In Defense of Mediocrity
It is not in the strength of the horse that he delights, nor is it in the speed of the runner that he takes pleasure. The good pleasure of the Lord is those who fear him, those who wait for his steadfast mercy.
Dear People of God,
We sure love a good Zero-to-Hero story.
Surely you’re familiar with the type. At the beginning of the story, our protagonist languishes in obscurity. Maybe they are working at a dead-end job, maybe they are unsuccessful in school, or maybe they are the underperformer of their family. Whatever the details, they are living a decidedly uninspired life. They are, in the grand scheme of things, a zero.
Of course, this all changes once the story gets going. Something unexpected comes their way, a tragedy or a chance to make it big, and in facing this challenge they discover something that makes them truly exceptional. By the end of the story, they have gained recognition from those around them and confidence in who they are. They have become, in one way or another, a hero.
It's not hard to see why these sorts of stories are popular in a society that is as celebrity-obsessed and achievement-focused as ours, especially since the vast majority of people will never be widely recognized as celebrities or heroes. Despite the wild optimism of graduation speeches and the American Dream, it’s hard to shake the sneaking suspicion that our lives are simply unremarkable. Even the things that might set us apart in our local community—a capable intellect, an impressive talent, a unique hobby—are quickly cut down to size in our globally connected age. After all, it takes only a quick Google search to find hundreds of people who are more intelligent, skilled, or successful than we could ever hope to be.
That’s where our stories come in. Because we live in a society that venerates the exceptional, Zero-to-Hero stories become a source of hope. We may feel ordinary and unremarkable now, but that just means we haven’t yet found our opportunity. Someday, something will surely come our way and we will be able to prove to the world (and to our inner critic) that we are truly extraordinary! Or so we tell ourselves. And in the meantime, we use these stories to prop up the hope that we will one day be more than mediocre.
This hope, however, is a false hope. It is false not because no one is exceptional (some certainly are) but because it will never deliver the happiness it promises. In a world of more than 8 billion people, it is nearly impossible to be the best at anything, and even if we reached it, that achievement would not redeem our inadequacies. Try as we might, we cannot escape our mediocrity.
But what’s so bad about mediocrity?
Most people, most of the time, live in the neighborhood of mediocrity. Mediocrity is the stuff of our daily lives: drinking our morning coffee, wishing our families a good day as they head out the door, attending to our daily work, eating leftovers from the night before. Despite all our obsession over the extreme and exceptional, mediocrity is where we spend the bulk of our time.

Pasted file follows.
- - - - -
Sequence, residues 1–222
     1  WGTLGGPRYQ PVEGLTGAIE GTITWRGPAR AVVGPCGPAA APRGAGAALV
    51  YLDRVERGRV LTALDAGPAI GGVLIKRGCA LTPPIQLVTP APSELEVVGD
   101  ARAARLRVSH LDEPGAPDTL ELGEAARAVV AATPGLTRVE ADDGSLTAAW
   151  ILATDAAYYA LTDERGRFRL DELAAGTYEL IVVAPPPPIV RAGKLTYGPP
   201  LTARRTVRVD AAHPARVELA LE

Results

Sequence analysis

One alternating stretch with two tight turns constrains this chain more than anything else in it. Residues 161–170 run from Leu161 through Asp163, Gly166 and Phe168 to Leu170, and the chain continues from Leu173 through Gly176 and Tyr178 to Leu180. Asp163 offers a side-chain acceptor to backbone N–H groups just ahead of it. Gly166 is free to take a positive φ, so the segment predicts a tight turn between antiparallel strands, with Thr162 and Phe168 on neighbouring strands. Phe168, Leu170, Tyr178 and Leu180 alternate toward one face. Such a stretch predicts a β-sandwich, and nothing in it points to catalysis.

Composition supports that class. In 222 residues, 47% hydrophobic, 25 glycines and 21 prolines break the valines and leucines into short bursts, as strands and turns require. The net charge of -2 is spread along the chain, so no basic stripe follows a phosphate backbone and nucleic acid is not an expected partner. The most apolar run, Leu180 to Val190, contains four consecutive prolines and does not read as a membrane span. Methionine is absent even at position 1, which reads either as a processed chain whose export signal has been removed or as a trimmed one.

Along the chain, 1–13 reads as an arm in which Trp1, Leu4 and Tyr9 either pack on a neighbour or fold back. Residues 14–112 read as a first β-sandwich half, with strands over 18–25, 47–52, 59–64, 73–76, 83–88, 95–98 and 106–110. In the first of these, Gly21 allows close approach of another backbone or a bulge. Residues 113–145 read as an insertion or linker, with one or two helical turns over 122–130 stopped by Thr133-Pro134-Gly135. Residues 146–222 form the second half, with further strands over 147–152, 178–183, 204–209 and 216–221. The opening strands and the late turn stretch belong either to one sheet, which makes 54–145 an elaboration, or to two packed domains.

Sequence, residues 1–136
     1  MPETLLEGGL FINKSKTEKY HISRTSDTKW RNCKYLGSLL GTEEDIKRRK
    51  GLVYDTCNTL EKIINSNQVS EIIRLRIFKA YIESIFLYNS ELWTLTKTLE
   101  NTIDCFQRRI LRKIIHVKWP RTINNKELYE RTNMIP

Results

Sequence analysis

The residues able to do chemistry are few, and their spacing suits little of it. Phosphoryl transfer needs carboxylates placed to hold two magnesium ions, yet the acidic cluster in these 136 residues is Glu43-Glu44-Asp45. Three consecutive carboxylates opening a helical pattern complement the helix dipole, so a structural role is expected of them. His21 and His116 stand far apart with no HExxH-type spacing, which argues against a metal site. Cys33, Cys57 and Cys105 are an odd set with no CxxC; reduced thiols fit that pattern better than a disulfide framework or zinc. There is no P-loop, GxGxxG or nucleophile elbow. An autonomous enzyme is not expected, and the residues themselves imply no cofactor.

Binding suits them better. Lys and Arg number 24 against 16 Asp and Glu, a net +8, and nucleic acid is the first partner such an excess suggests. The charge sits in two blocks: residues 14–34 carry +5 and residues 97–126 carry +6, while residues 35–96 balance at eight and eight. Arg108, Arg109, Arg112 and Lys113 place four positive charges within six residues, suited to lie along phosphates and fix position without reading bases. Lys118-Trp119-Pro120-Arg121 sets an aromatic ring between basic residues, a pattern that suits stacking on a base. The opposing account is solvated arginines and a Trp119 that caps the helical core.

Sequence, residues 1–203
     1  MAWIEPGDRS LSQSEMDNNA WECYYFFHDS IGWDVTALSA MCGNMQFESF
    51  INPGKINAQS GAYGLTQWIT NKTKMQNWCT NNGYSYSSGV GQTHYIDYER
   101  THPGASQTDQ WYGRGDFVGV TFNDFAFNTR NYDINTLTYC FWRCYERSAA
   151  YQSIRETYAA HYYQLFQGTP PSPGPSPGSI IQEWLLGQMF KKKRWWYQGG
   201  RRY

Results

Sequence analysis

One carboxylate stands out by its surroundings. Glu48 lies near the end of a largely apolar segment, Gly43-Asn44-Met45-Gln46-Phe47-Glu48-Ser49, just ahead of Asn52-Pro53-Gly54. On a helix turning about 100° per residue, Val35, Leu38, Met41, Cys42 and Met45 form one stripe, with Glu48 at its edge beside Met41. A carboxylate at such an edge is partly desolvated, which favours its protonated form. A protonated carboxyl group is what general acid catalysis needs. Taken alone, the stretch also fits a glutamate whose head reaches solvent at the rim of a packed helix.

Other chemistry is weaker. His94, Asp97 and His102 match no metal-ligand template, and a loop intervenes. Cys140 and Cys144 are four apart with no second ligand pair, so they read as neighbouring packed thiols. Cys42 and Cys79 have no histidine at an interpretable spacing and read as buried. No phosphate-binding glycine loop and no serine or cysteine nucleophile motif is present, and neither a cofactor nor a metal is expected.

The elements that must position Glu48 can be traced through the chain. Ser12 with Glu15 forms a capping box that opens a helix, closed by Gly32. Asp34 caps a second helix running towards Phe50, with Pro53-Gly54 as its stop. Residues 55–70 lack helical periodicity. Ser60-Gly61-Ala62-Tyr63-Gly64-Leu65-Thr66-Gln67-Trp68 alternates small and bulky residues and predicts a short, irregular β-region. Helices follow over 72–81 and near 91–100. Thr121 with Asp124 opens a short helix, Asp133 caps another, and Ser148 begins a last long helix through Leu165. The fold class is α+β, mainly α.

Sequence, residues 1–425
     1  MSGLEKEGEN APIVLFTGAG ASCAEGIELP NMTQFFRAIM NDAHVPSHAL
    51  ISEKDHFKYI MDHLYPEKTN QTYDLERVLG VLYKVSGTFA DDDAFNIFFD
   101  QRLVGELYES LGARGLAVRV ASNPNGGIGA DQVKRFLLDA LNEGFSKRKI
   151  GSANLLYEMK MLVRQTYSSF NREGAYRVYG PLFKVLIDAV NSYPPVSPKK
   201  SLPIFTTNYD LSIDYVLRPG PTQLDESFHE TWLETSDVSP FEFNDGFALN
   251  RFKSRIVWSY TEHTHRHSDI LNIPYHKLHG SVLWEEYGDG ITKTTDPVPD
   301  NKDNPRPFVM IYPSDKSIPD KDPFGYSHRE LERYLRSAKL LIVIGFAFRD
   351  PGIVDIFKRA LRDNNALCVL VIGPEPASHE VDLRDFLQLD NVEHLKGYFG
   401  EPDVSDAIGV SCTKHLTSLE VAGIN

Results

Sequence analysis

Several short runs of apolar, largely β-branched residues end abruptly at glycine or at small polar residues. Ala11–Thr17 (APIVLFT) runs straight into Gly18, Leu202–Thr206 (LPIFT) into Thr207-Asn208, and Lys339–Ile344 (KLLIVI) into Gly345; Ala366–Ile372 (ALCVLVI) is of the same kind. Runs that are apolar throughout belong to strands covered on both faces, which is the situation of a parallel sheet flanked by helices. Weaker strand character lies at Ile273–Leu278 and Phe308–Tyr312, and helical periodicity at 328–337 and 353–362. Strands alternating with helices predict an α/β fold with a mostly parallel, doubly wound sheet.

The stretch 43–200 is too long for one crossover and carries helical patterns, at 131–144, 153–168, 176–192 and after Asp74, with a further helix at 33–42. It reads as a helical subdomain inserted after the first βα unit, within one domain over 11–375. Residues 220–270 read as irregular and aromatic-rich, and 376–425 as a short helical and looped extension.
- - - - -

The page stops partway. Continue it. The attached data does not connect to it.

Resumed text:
It should come as no surprise, then, that our Creator is deeply concerned with the mediocre moments of our daily lives. Indeed, scripture focuses much more on the daily lives of ordinary people than it does on the extraordinary moments of heroes. Despite our tendency to interpret the stories of scripture as putting forward heroic examples of faith for us to follow, the true hero of scripture is always God. The above-quoted psalm is a good example. God’s delight is not in the extraordinary talents of the warrior, but rather in the reverent hope of the one in need of God’s mercy. Or, as Jesus puts it in Matthew 9:13 “I did not come to call the righteous, but sinners.”
For another example, look no further than the Ten Commandments in Deuteronomy 5. Here at the heart of what God expects from Israel, we find no acts of heroism or exceptional living, but rather commands which pertain to the daily lives of God’s people. God’s people are commanded to 1) Trust in God alone, 2) Pray to God in time of need, 3) Set aside a day for rest and hearing God’s word, 4) Honor their parents, 5) Guard the lives of their neighbors, 6) Be faithful to their spouses, 7) Look out for their neighbor’s property, 8) Protect their neighbor’s reputation, and 9 & 10) Curb the jealous desires of their hearts. While I can imagine times in which obeying these commandments might result in heroic acts, those are the exception. These commandments are concerned primarily with the ordinary daily and weekly rhythms of life. As Moses says later: “This commandment which I command you today is not too unusual for you, nor is it far off.” “The word is very near to you, in your mouth and in your heart, to do it.” (Deuteronomy 30:11, 14)
As Christians, we have received God’s undeserved favor in the form of God’s promises given through Jesus Christ. The most important of these promises is the one given in baptism, where we receive adoption as children of God’s mercy and are given our deepest identity: “My child, my chosen beloved, in whom I delight.” No achievement or success on our part could ever compare with this gift of God, nor could any failure on our part cancel it out. Having been claimed as God’s own, we are free to simply be. Freed from the exceptional demands of our culture, we trust in God’s promise, wait on God’s mercy, and joyfully go about our work, in holy mediocrity.
Your brother in Christ,